Vaccination and epidemics in networked media. Vaccination and epidemics in networked populations...
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Vaccination and epidemics in networked populations – An introduction
Zhen Wang,1 Yamir Moreno,2, 3, 4 Stefano Boccaletti,5, 6 and Matjaž Perc7, 8, ∗ 1Center for OPTical IMagery Analysis and Learning (OPTIMAL),
Northwestern Polytechnical University, Xi’an 710072, China 2Institute for Biocomputation and Physics of Complex Systems, University of Zaragoza, E-50018 Zaragoza, Spain
3Department of Theoretical Physics, University of Zaragoza, E-50009, Zaragoza, Spain 4Complex Networks and Systems Lagrange Lab, Institute for Scientific Interchange, Turin 10126, Italy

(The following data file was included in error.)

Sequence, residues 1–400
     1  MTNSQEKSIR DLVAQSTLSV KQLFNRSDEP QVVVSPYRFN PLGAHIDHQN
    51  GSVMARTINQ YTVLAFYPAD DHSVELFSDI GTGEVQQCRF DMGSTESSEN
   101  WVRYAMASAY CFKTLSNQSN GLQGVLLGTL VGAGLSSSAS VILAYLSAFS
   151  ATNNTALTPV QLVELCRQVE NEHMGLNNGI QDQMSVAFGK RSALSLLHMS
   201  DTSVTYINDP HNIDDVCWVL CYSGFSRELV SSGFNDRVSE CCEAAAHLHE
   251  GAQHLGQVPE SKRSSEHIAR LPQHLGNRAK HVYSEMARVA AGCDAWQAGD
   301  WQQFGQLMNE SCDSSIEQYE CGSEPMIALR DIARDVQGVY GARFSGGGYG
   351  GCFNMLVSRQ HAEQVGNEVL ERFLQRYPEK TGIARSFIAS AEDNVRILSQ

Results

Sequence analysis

5CNR – Institute of Complex Systems, Via Madonna del Piano, 10, 50019 Sesto Fiorentino, Florence, Italy 6The Italian Embassy in Israel, 25 Hamered st., 68125 Tel Aviv, Israel
7Faculty of Natural Sciences and Mathematics, University of Maribor, Koroška cesta 160, SI-2000 Maribor, Slovenia 8CAMTP – Center for Applied Mathematics and Theoretical Physics,
University of Maribor, Krekova 2, SI-2000 Maribor, Slovenia